Next August – one hundred years

Next year on August 18th the U.S. will celebrate 100 years since the ratification of the 19th Amendment of the Constitution, granting women the right to vote. A couple of Western states had given women the right to vote already in 1910. Idaho and Utah had given women the right to vote at the turn of the 19th century.

Lucretia Mott socks
I have socks with Lucretia Mott‘s likeness, which I wore with pride on election day this year. 

It is hard for me to imagine the changes in democratic consciousness that have taken place in the last 100 years. Generations of women and men began to understand that true democracy could not exist until more people could exercise their right to representation.

Granted, some people probably wish we had gone back to a world where men were in charge and women were property. I don’t tend to hang out with people like that for obvious reasons.

I am looking forward to seeing what happens in the next year with various candidates. I’m hoping we winnow down to less than 5 options by February caucus season. I would like to follow election politics but right now it’s hard to take any candidate too seriously. Unfortunately we do not regulate campaign spending very well in this country. So the people who raise the most money tend to dominate the airwaves.

Given the shock and trauma of the election 3 years ago, and the disastrous result of electing someone who has openly bragging about assaulting women, I am ready to help with GOTV efforts. Let’s make it a celebration! 100 years – can we imagine some new leadership? I say YES WE CAN!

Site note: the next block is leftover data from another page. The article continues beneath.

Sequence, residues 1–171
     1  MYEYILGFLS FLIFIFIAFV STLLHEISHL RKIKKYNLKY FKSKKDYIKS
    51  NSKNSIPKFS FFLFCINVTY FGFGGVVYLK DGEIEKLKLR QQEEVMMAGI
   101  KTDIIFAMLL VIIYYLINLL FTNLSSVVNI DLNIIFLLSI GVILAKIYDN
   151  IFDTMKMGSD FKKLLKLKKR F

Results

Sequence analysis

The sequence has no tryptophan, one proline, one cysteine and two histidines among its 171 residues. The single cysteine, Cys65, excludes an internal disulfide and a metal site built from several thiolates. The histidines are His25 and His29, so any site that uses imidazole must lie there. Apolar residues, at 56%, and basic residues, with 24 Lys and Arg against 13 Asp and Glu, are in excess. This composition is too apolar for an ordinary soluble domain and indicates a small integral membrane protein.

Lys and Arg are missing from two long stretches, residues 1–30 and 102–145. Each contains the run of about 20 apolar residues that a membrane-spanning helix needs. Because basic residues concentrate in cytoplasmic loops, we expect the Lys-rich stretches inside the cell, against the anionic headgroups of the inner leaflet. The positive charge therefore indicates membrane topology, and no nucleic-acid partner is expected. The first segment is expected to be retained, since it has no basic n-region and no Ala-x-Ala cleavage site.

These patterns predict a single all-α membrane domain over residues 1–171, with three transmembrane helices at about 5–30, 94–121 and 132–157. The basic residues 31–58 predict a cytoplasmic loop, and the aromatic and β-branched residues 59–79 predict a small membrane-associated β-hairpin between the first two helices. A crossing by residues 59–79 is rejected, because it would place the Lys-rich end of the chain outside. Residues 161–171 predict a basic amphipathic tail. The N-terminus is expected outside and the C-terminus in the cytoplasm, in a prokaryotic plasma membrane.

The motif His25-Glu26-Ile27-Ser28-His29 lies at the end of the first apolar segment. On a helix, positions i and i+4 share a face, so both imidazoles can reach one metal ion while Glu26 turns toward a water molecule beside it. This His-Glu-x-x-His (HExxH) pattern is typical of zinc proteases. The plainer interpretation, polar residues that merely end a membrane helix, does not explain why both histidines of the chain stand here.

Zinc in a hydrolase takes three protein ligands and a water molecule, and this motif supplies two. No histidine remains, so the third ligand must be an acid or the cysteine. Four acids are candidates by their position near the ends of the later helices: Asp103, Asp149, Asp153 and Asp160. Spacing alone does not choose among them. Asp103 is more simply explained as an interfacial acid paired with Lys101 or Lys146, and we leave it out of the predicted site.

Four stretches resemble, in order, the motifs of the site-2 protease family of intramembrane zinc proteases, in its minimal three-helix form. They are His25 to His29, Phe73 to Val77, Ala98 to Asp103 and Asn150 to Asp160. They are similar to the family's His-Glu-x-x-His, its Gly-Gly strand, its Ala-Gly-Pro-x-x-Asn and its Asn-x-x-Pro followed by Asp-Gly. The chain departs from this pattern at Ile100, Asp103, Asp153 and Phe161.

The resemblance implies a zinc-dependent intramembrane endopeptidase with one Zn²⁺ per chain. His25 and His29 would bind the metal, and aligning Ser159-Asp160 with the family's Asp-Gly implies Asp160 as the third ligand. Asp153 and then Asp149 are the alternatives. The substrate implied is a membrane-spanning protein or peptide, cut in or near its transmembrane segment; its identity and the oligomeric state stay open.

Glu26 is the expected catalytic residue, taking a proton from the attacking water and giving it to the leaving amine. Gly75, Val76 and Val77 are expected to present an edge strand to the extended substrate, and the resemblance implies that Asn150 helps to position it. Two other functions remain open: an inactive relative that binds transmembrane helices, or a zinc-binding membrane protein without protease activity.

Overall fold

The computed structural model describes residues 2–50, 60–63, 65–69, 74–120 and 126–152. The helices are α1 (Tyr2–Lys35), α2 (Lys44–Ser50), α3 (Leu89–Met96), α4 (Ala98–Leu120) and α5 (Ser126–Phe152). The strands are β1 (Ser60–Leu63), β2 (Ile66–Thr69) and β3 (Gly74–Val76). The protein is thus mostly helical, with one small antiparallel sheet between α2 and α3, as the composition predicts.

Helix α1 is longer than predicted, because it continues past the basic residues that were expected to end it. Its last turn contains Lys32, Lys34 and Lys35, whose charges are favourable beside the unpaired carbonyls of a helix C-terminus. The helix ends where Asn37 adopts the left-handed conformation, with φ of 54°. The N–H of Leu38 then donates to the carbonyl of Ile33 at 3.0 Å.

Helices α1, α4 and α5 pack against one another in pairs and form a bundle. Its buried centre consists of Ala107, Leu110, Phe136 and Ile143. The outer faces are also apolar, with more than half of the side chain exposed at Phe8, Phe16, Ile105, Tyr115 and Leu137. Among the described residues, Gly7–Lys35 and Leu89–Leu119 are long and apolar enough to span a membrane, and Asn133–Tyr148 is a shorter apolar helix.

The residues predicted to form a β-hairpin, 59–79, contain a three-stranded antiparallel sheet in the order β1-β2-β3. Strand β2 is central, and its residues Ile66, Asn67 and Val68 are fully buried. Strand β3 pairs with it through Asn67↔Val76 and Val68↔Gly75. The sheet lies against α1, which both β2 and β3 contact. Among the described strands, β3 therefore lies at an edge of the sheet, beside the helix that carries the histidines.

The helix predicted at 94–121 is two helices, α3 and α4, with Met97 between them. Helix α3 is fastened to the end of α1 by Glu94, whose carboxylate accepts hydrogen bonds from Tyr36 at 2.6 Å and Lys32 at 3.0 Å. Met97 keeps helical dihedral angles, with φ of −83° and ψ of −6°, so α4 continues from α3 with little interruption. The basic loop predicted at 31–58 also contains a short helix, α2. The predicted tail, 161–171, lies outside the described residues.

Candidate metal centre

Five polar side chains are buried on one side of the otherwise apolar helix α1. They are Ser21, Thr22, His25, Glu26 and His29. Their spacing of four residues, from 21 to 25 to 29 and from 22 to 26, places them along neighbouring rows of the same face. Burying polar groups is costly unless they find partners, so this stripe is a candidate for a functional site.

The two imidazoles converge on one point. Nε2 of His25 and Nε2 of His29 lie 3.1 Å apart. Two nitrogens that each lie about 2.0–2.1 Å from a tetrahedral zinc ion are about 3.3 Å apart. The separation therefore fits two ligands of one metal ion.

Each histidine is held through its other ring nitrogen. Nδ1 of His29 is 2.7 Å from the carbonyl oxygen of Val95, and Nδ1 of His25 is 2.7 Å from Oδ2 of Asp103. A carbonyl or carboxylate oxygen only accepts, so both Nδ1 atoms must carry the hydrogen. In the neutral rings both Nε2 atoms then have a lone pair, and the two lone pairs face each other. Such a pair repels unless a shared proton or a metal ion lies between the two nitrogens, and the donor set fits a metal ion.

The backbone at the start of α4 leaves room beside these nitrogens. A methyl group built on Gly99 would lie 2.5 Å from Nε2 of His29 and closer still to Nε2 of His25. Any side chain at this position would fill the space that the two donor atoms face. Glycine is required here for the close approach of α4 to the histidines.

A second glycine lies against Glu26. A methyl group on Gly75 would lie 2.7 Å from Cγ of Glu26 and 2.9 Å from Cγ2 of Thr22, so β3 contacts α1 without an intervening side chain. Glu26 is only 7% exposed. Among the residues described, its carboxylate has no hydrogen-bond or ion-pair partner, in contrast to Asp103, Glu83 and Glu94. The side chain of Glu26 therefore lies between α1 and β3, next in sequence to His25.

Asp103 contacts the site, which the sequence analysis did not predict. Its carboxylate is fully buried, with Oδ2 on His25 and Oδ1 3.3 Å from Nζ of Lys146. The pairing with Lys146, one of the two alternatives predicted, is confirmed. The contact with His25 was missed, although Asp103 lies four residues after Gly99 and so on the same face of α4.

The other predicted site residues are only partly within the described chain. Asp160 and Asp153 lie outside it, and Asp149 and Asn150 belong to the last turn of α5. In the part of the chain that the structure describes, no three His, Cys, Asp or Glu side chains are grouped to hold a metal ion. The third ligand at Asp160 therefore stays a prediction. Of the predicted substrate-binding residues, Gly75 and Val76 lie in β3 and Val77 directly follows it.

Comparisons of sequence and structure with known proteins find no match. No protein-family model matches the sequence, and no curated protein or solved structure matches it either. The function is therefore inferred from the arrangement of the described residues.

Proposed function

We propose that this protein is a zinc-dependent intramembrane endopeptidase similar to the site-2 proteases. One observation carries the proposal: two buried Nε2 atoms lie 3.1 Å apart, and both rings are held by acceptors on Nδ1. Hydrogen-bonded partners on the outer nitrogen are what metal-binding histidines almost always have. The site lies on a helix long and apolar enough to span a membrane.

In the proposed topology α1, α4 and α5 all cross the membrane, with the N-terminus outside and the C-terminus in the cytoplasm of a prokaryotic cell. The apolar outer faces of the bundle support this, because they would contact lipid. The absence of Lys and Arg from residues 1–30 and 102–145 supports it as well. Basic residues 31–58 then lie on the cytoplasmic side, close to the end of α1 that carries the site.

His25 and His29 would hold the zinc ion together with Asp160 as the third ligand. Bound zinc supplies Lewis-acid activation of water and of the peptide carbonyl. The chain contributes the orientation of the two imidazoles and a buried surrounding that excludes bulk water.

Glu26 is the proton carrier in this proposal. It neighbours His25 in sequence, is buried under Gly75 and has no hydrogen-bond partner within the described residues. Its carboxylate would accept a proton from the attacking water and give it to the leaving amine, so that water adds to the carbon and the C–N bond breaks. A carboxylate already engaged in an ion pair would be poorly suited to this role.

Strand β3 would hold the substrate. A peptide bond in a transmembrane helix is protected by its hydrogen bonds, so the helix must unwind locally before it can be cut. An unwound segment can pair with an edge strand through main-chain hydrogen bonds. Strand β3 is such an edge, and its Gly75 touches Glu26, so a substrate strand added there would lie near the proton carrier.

cristy@meximinnesotana.com

 

 

 

 

 

Liverpool to Glasgow

Hiya friends,

We left Liverpool on Thursday to come to Glasgow, Scotland. On Friday we have a tour of Loch Ness, Glencoe and The Highlands scheduled.

Liverpool, England
Liverpool, England – taken Sept 12, 2018

I wish we had planned for more than one day in Liverpool. It was fascinating and a very picturesque city. We visited the International Slavery Museum. It was a sobering reminder of the history of mistreatment and dehumanization based on color and national origin.

I shall have more to say about that in the future but at the moment, I am suffering a little trip fatigue. Two long days of train travel and then being in charge of the tour and transportation set ups have left me a bit tuckered out on Day 8 of 14. Thankfully I think the “arranging” is mostly done. We have 2 days in this AirBnB so a little rest from luggage hauling.

I love travel, but all the decisions can be a bit taxing. Two long days of train travel in a row took more out of me than anticipated. At least Friday, getting to the tour company start is the only arrangement we have to make. With Uber restored on my phone, that should be do-able.

Happy Friday, friends! I will share some photos this weekend if we get some good ones.

cristy@meximinnesotana.com

 

Saturday Share on holiday

Hola peeps!

Saturday share is on holiday while I travel for 2 weeks in the U.K. I will continue to share some blog love and favorites after my return. Here is a photo I took yesterday of Victoria Palace, where Hamilton (and American musical by Lin-Manuel Miranda) is playing. Awesome.

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Photo taken by mexi-minnesotana on September 7, 2018. Use with attribution only.